Personal Science Week - 6 Oct 2022
COVID susceptibility and more
This is a weekly newsletter for Personal Scientists, published each Thursday for anyone who wants to apply the tools of science for personal reasons (to solve a problem) rather than professional ones (for a job). Following the motto of the Royal Society, established in 1660, nullius in verba, we take nobody’s word for it.
In this issue we discuss a few tests that might help you understand your COVID susceptibility.
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How come some people have had COVID multiple times and others have been spared? Lifestyle doesn’t seem to explain it: at least in my anecdotal observation, people who are “careful” seem to get it roughly as often as those who are “reckless”.
But maybe I’m one of those 35% who can get infected asymptomatically? To find out, I’ve taken several antibody tests through Labcorp. Most insurance plans cover the costs, though that may change — it’s about $50 if you pay out-of-pocket. Each time my result has been negative. Zilch. Nada. No antibodies.
Another test, from the Southern California startup Serimmune, is still in clinical trial. Although unfortunately they are no longer recruiting subjects, I’ve been enrolled for the past year, along with several Personal Scientist friends who have been studying and comparing our results.
Unlike traditional antibody tests, which simply check for the presence or absence of particular molecule in your blood, Serimmune claims to look at a broader set of “epitopes” that indicate a range of possible ways your immune system might react to a pathogen. The clinical trial, which lasts 5 years, asks you to do a simple at-home blood draw every six months. Each time they send a short report indicating your epitope status.
Here are a couple of reports for comparison.
My tests indicate virtually no antibodies, except for one point on the spike protein. Does that mean I’m susceptible? As with many Personal Science questions, it’s hard to say. Several of us have been comparing our Serimmune results at the Open Humans Personal Science Wiki and so far the results seem all over the map. There is also a private Facebook group where others have been trying to share information, particularly as it relates to Long COVID. If you have any thoughts or additional samples, please let us know!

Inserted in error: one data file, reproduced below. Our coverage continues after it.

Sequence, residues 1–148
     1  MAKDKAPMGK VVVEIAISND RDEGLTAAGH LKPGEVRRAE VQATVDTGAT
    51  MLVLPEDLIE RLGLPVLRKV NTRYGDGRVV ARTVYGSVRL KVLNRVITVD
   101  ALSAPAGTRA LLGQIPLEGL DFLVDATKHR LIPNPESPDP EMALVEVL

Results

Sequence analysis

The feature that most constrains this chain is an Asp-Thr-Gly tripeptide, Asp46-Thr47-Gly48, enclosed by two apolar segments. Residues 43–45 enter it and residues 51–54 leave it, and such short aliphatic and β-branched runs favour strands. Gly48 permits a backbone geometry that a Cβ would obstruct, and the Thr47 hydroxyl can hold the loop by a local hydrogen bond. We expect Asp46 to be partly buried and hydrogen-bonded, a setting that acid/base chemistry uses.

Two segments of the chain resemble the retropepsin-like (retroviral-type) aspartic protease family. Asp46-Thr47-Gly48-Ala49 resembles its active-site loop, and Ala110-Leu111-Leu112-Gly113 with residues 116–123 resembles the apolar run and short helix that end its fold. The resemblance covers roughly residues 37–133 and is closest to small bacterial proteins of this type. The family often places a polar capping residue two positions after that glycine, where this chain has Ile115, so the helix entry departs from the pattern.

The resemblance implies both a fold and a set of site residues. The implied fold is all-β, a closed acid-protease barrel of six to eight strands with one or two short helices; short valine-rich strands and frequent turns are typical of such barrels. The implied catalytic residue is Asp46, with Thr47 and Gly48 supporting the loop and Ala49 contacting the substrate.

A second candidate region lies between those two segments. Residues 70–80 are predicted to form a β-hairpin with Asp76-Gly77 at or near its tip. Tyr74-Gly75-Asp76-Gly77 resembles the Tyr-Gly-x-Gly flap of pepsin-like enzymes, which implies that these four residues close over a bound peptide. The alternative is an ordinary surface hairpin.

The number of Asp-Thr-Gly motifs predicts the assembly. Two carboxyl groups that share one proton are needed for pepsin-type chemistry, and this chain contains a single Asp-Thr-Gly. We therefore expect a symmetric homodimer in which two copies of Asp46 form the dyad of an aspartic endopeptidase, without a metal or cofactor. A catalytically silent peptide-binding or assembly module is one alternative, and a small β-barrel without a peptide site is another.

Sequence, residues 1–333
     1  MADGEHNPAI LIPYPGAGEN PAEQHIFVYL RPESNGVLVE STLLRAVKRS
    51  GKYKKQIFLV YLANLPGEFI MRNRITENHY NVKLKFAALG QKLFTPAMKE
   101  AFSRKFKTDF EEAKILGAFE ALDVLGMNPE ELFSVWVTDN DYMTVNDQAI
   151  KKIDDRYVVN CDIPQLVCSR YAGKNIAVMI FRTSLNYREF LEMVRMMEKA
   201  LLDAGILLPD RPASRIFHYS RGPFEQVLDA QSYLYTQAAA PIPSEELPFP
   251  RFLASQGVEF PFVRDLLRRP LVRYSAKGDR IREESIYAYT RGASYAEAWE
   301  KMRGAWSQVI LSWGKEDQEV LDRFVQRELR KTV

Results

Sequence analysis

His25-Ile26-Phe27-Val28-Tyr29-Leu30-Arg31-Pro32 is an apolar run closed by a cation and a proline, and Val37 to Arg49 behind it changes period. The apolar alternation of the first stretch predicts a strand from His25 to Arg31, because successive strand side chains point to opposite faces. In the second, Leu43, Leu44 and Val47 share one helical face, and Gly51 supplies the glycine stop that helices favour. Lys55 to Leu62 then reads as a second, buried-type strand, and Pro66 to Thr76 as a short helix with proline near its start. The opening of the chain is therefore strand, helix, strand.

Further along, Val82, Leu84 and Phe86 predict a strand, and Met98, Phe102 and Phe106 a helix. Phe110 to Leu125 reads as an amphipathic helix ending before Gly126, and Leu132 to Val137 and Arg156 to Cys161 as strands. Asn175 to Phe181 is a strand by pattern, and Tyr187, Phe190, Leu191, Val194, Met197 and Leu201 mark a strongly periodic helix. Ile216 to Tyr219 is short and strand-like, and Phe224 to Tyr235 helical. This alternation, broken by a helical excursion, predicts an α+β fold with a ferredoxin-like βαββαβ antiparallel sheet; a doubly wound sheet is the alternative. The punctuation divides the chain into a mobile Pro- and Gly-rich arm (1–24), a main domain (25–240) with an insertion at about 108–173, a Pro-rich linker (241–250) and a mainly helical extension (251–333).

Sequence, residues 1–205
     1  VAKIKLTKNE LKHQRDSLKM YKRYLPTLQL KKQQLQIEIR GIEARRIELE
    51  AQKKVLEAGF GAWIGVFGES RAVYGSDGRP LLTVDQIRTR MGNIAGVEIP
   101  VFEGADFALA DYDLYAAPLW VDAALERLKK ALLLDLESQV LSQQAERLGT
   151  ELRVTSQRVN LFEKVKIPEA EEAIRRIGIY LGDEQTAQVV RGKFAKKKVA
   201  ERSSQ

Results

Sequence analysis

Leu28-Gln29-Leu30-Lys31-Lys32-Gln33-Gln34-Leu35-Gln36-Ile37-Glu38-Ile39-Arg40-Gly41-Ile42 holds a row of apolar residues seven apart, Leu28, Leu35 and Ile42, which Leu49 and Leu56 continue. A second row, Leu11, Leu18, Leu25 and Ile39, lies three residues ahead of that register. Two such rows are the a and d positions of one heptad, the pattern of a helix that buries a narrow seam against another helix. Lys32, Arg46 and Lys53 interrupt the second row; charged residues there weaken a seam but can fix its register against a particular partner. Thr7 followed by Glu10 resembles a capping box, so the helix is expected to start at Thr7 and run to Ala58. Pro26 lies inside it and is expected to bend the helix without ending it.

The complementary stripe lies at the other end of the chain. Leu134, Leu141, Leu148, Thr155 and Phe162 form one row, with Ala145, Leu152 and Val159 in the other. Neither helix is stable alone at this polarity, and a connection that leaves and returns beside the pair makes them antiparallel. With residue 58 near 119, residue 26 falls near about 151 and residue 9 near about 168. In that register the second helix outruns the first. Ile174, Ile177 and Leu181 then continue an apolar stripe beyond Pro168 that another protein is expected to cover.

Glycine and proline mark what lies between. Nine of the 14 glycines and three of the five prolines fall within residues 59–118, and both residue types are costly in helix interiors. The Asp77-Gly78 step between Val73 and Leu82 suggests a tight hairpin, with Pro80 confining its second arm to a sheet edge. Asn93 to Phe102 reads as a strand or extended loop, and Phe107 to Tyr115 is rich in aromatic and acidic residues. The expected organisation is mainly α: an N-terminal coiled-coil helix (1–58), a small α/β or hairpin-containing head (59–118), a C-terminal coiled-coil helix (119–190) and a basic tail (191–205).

Genetics and COVID
Several researchers have tried to understand the possible genetic links of COVID susceptibility. A July 2022 study published in Nature Genetics looked at thousands of COVID patients and found a strong correlation with the OAS1 gene that encodes some known anti-viral proteins. Subjects with a specific set of gene variants were more likely to be hospitalized.
Naturally, a Personal Scientist wants to know how to tell which of those variants are found in me. Fortunately, the 23andme test reports many of the variants listed in the paper, and you can look them up for yourself.
From Figure 1 of the Nature Genetics paper, I learn that my AA genotype is associated with a higher risk of hospitalization.
Our Sep 1, 2022 newsletter discussed the free CDC-sponsored study that you should join immediately if you or somebody in your household contracts COVID.
Calling all Personal Scientists
Please let us know if there are other topics you’d like to cover, or if there’s something interesting you’ve discovered with Personal Science.